adventures in grape juice

I’ve written before about our neighbors’ food drops and the fun it is to get an unexpected box of unknown foods. Yesterday we got grapes–red, green, seeded, and seedless. With young kids in the house, you’d think these grapes would be an easy sell. But the grapes are just past prime (meaning my girls will pass) and there’s no way I’m going to remove the pits from the seeded grapes. Life is too short.

Thinking the grapes would end up in the compost, I lamented that I wished there was something that could be done with our oodles of grapes. They seem not as versatile as overripe pears, apples, berries, or bananas. My 5-year-old overheard my lament and asked, “Why not squeeze them to make grape juice, mommy?” Brilliant. Why not indeed?

I’ve made grape juice from vine grapes before, but never supermarket grapes. Figuring the principle would be the same, I washed them, removed most of the stems, then added them to a large pot with a few cups of water. The pot was covered and the water brought to a boil. I then uncovered the pot and reduced the heat. The grapes simmered for an hour or so, filling the house with the fragrance of sweet grape.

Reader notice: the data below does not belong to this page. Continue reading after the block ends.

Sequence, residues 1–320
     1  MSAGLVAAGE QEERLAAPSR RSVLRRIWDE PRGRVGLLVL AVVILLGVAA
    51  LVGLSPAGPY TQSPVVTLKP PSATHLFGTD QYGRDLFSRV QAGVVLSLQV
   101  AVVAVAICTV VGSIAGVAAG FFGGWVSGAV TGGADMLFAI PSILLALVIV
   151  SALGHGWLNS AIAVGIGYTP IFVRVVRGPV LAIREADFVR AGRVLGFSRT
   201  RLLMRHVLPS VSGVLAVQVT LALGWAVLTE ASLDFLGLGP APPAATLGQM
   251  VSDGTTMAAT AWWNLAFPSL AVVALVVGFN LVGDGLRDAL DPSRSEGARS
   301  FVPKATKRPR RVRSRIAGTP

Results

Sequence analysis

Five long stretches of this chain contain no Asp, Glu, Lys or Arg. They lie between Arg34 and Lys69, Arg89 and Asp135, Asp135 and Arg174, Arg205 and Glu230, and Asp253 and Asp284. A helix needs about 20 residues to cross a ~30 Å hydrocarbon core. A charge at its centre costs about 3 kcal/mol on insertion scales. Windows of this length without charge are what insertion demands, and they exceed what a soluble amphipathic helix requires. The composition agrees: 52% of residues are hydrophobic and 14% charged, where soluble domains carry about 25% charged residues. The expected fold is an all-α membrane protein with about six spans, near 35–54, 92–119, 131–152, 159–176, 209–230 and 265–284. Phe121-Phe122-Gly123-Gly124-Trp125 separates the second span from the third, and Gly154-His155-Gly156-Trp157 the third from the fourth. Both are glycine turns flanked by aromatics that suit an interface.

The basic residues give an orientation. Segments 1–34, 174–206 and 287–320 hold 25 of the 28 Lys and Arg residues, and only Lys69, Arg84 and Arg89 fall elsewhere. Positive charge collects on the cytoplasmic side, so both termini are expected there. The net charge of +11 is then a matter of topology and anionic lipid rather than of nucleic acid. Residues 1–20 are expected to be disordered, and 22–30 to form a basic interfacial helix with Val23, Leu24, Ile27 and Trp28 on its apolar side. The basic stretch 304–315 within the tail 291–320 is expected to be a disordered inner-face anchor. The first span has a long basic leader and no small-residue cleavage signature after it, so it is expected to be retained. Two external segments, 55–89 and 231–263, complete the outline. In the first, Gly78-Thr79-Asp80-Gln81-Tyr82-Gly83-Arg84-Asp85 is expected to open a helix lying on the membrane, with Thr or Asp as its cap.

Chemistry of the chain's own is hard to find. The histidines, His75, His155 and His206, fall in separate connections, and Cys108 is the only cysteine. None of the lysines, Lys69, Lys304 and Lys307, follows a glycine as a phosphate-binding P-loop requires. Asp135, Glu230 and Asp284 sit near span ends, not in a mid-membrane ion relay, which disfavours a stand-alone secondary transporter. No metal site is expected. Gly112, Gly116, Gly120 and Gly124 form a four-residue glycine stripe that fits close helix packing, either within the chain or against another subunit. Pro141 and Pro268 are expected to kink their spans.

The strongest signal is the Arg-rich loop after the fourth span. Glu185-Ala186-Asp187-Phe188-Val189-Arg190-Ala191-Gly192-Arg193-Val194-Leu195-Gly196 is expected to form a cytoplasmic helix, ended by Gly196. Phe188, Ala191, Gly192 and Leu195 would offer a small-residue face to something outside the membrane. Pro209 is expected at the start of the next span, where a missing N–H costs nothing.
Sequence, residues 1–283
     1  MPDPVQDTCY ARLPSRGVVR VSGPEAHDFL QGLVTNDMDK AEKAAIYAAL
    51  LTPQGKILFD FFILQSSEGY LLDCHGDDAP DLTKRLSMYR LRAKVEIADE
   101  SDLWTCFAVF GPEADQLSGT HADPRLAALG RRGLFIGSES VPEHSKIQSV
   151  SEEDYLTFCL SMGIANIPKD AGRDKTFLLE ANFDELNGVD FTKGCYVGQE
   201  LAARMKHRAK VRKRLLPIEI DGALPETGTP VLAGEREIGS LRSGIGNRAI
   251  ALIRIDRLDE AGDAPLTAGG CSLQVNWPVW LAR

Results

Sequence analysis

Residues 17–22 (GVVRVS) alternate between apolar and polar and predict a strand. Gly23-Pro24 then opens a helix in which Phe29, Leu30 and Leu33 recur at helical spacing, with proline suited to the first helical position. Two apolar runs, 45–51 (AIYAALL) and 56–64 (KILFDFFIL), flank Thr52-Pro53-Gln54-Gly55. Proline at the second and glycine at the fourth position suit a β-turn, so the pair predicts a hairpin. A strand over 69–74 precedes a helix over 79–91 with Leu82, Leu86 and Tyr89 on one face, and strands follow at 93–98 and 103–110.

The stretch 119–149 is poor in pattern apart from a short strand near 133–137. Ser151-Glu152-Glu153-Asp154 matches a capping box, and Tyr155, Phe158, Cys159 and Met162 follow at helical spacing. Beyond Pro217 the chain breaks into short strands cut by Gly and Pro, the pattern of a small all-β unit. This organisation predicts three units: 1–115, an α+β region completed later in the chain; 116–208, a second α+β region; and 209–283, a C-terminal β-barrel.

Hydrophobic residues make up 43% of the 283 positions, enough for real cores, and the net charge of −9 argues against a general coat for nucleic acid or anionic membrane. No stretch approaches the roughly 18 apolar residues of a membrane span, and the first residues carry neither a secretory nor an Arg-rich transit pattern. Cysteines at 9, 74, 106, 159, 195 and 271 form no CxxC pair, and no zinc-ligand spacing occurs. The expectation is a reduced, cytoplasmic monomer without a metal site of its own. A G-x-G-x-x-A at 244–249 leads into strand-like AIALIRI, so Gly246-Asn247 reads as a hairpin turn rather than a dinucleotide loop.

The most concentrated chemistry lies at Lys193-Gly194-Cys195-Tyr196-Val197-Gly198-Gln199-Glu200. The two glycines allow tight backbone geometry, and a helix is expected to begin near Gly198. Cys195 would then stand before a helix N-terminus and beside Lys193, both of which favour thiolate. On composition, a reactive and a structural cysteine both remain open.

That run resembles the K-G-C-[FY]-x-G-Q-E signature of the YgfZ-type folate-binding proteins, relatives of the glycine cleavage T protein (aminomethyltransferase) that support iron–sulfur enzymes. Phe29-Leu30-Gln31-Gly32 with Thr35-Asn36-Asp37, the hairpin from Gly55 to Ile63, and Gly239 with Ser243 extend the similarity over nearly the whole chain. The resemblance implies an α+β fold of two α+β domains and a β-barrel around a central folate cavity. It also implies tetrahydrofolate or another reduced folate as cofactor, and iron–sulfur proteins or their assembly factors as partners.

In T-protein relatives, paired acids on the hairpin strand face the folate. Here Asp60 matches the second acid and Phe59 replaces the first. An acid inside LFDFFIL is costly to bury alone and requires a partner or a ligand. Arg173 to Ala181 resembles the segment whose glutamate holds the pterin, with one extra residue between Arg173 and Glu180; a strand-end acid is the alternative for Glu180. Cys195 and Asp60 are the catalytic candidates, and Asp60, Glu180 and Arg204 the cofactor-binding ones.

Next step was straining the juice through cheesecloth. My husband has come up with a good set-up for this: The four corners of the large cheesecloth square are secured with a rubber band, then the rubber band is twisted a few more times before being hung on a cabinet knob right above the bowl collecting the juice. The juice drip-drops into the bowl for a few hours, then the cheesecloth “bag” is squeezed a time or two to extract all the flavorful nectar.

pale pink undiluted grape juice

The final juice is refrigerated or frozen and can be diluted and sweetened as desired for drinking as-is or used as a base for jelly-making. This batch was a pretty pink; made from green grapes as well as purple, it was not the usual violet-purple hue. It was sweet and syrupy–for sure will need dilution with a bit of club soda to brighten it up. I plan to use some of it for drinking and most of it for jelly.

In the end, I like knowing that the food will remain in our kitchen and be used and enjoyed instead of ending up in the compost bin. Thank you to my 5-year-old daughter for turning my grape dilemma into a grape adventure.

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